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- 4 Mirantis Led FUEL Project Gets Installed Under OpenStack Big Tent
- 5 Red Hat Enterprise Linux 7.2 Adds Security, DR Features
Apache Guide: The Newbie's Guide to Installing Apache
In this week's article, I'll take you through installing an Apache server. I'm assuming you've never done this before, but that you know a few things about your operating system.
If you're beyond this stage, come back in a few weeks, as we'll move on to more advanced things from here. Are you a true Apache newbie, with literally no experience at installing and configuring Apache? Fear not: Rich Bowen is here to guide you through the process.
Apache is free software. That is, it is Open Source, and can be downloaded, and redistributed, without any cost. You can read the full text of the Apache license (it's very short) on the Apache web site at http://www.apache.org/LICENSE.txt. But basically what it says is that you are free to use the product, as well as to redistribute it, without charge.
You can download Apache from the Apache Server web site, at http://www.apache.org/httpd.html There you'll find the Apache source code, as well as binary (precompiled) distributions for a large number of platforms.
Unless there is some overwhelming reason not to do so, you really should get the source code and compile it yourself. There are a number of reasons for this.
Get the right combination of modules. When you install a binary distribution, that means that someone else compiled it, and made a decision on what modules to build into that binary distribution. They tried to make what seemed like the more reasonable choice, for the purposes of making the distribition usable by as many people as possible. This will invariably mean that there will be some modules in it that you really don't want, and there might be some left out that you would like to have.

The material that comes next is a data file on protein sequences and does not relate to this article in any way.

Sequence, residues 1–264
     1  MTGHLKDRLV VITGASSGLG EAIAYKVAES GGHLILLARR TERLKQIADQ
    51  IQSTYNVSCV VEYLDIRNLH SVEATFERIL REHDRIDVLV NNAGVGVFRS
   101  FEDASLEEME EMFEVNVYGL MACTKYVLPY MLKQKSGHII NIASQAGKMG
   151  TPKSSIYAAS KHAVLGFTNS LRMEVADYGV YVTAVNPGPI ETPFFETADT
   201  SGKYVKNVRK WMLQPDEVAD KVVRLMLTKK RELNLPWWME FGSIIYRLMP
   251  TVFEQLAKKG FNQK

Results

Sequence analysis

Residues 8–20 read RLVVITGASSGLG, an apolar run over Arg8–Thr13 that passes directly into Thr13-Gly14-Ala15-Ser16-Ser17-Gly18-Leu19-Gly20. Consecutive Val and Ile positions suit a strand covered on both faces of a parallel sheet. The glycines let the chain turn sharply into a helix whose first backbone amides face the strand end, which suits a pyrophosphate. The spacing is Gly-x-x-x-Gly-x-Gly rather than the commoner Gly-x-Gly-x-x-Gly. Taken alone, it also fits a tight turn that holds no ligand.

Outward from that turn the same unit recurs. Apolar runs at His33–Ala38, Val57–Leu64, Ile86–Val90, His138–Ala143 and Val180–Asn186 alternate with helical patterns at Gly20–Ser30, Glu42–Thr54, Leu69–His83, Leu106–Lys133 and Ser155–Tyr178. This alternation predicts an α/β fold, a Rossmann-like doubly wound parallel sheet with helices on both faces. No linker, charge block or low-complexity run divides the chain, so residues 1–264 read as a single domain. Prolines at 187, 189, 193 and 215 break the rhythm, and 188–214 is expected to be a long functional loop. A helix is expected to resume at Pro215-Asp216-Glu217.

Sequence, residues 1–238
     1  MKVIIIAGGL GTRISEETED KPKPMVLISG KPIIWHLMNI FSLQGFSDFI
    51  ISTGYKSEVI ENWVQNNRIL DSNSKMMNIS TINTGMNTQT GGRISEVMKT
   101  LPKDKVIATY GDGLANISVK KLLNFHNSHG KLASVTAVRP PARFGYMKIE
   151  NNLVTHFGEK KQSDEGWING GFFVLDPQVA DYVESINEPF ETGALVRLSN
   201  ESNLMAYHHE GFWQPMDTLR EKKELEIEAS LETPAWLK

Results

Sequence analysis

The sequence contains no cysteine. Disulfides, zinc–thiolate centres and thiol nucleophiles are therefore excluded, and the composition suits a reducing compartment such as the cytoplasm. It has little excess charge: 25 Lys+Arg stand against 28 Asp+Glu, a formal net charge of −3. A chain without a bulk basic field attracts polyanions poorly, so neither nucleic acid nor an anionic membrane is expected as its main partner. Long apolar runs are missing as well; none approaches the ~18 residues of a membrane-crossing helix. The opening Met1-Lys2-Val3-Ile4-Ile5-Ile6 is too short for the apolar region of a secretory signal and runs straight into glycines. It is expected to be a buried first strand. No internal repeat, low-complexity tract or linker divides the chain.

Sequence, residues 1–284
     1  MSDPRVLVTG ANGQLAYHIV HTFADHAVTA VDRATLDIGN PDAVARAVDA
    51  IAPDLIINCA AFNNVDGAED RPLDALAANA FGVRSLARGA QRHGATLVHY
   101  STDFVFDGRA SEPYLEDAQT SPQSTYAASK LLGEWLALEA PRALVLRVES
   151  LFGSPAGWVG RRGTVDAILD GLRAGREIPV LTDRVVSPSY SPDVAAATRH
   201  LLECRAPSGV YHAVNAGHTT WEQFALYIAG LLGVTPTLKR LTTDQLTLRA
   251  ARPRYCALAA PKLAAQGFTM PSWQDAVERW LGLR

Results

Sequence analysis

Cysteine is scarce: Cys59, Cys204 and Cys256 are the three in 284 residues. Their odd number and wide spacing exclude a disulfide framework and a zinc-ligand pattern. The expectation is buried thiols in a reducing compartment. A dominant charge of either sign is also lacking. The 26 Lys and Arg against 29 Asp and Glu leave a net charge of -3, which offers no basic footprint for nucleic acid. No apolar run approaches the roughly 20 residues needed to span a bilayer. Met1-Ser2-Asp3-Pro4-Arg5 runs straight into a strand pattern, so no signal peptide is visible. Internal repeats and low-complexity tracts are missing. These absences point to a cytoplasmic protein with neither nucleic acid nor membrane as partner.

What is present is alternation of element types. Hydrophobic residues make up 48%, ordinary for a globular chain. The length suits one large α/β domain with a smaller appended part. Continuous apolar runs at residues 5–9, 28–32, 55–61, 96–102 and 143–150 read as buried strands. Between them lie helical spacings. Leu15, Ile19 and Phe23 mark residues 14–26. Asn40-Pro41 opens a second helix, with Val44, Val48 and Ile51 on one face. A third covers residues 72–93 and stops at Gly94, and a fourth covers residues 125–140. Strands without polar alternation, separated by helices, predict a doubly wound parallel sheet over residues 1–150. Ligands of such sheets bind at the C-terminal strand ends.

Get is exactly right for your system. You may have something strange set up on your system that does not match the system of the individual that built the binary distribution. Perhaps a different version of some important libraries, Perhaps a newer version of some file that was used in the build process. And this may cause some problems when you try to use the file on your system.
The right file locations. Some binary distributions put files in very strange places. A notable culprit here is Red Hat. The RPM (Redhat Package Manager) installation of Apache puts files all over the place in the most obscure places. Of course, that's just my opinion. Apparently it made sense to somebody, because they keep doing it. Anyway, if you expect files to be in some reasonable place, and expect to be ablet to find them when you need them, don't install with the Red Hat RPM.
The right configuration. When you install the file yourself, it will end up with the configuration file that you expect. Binary distributions might have default configuration settings that are unexpected.
By building yourself from the source code, you'll make sure you have the Apache server that is right for you, rather than something that someone else thought might be best for you.
If you look at the file
INSTALL, after unpacking the .tar.gz file that you downloaded, you will find the
1. Overview for the impatient --------------------------
$ ./configure --prefix=PREFIX $ make $ make install $ PREFIX/bin/apachectl start
NOTE: PREFIX is not the string "PREFIX". Instead use the Unix filesystem path under which Apache should be installed. For instance use "/usr/local/apache" for PREFIX above.